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The predictive validity of a single leg bridge test for hamstring injuries in Australian Rules Football Players
  1. Grant Freckleton1,
  2. Jill Cook2,
  3. Tania Pizzari1
  1. 1Department of Physiotherapy, La Trobe University, Melbourne, Victoria, Australia
  2. 2Department of Medicine, Nursing and Health Sciences, Monash University, Melbourne, Victoria, Australia
  1. Correspondence to Dr Tania Pizzari, Department of Physiotherapy, La Trobe University, Bundoora, Mebourne 3086, Victoria, Australia; T.Pizzari{at}latrobe.edu.au

Abstract

Background Hamstring muscle strain injuries (HMSI) are the greatest injury problem in kicking sports such as Australian Rules Football. Reduced hamstring muscle strength is commonly perceived to be a risk factor for hamstring injury; however, evidence is inconclusive. Testing hamstring strength with the hip and knee at functional angles and assessing endurance parameters may be more relevant for examining the risk of hamstring injury.

Objective The primary aim of this prospective study was to examine if reduced hamstring muscle strength assessed with the single leg hamstring bridge (SLHB) was a risk factor for hamstring injury.

Methods Hamstring muscle strength of 482 amateur and semielite players from 16 football clubs, mean age 20.7 (range 16–34 years), was tested during the 2011 preseason. Players were then monitored throughout the 2011 playing season for HMSI.

Results A total of 28 hamstring injuries, 16 right and 12 left, were recorded. Players who sustained a right HMSI during the season had a significantly lower mean right SLHB score (p=0.029), were older (p=0.002) and were more likely to have sustained a past right hamstring injury (p=0.02) or right knee injury (p=0.035). For left-sided hamstring injury, the injured group was more likely to be left leg dominant (p=0.001), older athletes (p=0.002) and there was a trend towards a history of left hamstring injury (p=0.07).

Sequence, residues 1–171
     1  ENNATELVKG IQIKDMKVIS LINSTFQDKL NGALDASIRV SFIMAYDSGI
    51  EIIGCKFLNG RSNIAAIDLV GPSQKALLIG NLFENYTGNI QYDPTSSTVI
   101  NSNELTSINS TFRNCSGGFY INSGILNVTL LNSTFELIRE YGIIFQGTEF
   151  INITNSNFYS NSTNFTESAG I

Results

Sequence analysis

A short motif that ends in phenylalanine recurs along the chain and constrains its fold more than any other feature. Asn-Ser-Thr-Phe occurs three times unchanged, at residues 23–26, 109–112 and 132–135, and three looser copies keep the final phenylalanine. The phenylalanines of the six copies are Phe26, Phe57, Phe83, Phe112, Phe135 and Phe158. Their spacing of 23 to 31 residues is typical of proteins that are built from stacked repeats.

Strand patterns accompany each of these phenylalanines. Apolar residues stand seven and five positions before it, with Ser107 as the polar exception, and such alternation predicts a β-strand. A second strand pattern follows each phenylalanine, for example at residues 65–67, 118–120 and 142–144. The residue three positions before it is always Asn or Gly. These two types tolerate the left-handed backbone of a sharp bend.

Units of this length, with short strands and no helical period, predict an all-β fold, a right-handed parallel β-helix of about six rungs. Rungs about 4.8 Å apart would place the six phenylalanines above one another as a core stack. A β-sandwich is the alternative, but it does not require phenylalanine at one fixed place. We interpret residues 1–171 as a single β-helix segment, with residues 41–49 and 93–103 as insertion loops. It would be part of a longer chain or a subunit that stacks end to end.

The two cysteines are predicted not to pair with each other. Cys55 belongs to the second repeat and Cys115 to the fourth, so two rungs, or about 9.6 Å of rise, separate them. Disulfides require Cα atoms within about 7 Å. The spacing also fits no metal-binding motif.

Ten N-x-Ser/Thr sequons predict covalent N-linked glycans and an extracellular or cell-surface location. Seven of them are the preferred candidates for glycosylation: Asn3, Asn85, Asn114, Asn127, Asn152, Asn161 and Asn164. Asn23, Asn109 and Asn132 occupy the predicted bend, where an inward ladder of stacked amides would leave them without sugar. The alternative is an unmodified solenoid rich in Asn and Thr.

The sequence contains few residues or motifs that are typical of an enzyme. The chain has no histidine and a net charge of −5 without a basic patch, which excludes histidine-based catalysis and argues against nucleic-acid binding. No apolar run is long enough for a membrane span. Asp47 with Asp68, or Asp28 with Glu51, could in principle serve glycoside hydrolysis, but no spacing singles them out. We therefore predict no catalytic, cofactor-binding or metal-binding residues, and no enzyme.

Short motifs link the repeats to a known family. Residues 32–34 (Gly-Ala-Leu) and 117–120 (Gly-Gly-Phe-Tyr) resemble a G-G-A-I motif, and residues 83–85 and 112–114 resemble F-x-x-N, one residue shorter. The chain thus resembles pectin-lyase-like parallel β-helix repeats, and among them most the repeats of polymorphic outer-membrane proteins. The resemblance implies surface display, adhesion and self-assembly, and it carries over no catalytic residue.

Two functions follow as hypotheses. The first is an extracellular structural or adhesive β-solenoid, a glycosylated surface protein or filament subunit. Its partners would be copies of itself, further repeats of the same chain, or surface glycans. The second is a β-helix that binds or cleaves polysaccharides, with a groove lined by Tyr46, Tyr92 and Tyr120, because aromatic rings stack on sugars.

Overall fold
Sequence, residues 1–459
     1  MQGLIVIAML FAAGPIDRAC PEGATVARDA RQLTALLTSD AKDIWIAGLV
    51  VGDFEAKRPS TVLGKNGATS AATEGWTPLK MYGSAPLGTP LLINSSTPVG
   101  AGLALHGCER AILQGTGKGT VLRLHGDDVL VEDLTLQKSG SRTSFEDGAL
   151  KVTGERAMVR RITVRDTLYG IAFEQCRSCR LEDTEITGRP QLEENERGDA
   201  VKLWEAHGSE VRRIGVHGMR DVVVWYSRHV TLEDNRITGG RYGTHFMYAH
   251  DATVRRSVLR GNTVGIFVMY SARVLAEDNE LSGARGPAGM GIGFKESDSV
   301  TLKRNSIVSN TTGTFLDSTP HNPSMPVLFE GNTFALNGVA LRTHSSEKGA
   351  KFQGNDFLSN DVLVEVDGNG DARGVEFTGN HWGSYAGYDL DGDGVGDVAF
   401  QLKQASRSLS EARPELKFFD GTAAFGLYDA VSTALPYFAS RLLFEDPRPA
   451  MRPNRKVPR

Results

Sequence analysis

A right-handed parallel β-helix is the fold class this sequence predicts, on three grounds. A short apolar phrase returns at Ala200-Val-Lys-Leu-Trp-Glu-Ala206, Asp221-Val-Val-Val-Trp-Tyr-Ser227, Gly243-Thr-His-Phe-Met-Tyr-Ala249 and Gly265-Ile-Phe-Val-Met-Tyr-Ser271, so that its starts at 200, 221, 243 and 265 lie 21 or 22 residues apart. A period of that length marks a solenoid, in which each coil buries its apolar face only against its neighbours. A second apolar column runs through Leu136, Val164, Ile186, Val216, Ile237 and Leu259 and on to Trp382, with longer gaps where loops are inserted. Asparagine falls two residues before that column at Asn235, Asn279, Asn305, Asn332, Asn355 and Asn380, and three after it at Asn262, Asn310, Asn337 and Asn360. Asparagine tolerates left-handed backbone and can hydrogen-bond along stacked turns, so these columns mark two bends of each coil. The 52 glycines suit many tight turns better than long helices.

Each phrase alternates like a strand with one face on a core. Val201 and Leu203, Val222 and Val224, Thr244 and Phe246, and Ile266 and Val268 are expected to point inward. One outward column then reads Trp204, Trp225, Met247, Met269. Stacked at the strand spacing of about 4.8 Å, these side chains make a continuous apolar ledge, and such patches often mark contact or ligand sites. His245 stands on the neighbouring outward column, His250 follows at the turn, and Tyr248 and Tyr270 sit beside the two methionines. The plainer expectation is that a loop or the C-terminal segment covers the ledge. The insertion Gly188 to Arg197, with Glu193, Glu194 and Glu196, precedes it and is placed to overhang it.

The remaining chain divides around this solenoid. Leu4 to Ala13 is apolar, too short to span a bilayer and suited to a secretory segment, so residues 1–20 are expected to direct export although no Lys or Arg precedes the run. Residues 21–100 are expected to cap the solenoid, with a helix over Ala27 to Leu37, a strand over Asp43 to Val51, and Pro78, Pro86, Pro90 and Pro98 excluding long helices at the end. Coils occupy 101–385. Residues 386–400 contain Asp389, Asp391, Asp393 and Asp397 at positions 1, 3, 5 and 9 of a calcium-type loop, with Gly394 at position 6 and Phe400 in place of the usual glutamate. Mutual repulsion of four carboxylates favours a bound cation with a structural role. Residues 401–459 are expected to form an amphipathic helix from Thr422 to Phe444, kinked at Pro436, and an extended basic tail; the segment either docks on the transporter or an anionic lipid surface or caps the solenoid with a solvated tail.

Conclusions This study demonstrated a significant deficit in preseason SLHB scores on the right leg of players that subsequently sustained a right-sided hamstring injury. Age, previous knee injury and a history of hamstring injury were other risk factors supported in this study. Low hamstring strength appears to be a risk factor for hamstring injury; however, due to the confounding variables and low injury rate in this study, further studies are required.

  • Hamstring injuries
  • Injury Prevention
  • Sporting injuries
  • Basketball/football/football refereeing

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